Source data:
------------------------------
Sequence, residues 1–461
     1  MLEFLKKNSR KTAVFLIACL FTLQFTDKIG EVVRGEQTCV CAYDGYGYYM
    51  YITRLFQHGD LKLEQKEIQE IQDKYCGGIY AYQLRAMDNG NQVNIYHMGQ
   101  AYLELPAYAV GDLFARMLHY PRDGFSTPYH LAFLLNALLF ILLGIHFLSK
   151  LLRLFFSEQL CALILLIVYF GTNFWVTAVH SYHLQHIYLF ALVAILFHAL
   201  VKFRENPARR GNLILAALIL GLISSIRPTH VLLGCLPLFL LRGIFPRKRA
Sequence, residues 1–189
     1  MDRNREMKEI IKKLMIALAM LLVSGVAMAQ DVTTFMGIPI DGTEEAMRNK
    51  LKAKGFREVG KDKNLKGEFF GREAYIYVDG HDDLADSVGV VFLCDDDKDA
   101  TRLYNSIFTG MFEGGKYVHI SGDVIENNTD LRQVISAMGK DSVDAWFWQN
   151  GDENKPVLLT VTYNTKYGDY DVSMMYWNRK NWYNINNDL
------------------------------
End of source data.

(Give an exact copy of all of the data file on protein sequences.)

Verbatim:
Sequence, residues 1–461
     1  MLEFLKKNSR KTAVFLIACL FTLQFTDKIG EVVRGEQTCV CAYDGYGYYM
    51  YITRLFQHGD LKLEQKEIQE IQDKYCGGIY AYQLRAMDNG NQVNIYHMGQ
   101  AYLELPAYAV GDLFARMLHY PRDGFSTPYH LAFLLNALLF ILLGIHFLSK
   151  LLRLFFSEQL CALILLIVYF GTNFWVTAVH SYHLQHIYLF ALVAILFHAL
   201  VKFRENPARR GNLILAALIL GLISSIRPTH VLLGCLPLFL LRGIFPRKRA
Sequence, residues 1–189
     1  MDRNREMKEI IKKLMIALAM LLVSGVAMAQ DVTTFMGIPI DGTEEAMRNK
    51  LKAKGFREVG KDKNLKGEFF GREAYIYVDG HDDLADSVGV VFLCDDDKDA
   101  TRLYNSIFTG MFEGGKYVHI SGDVIENNTD LRQVISAMGK DSVDAWFWQN
   151  GDENKPVLLT VTYNTKYGDY DVSMMYWNRK NWYNINNDL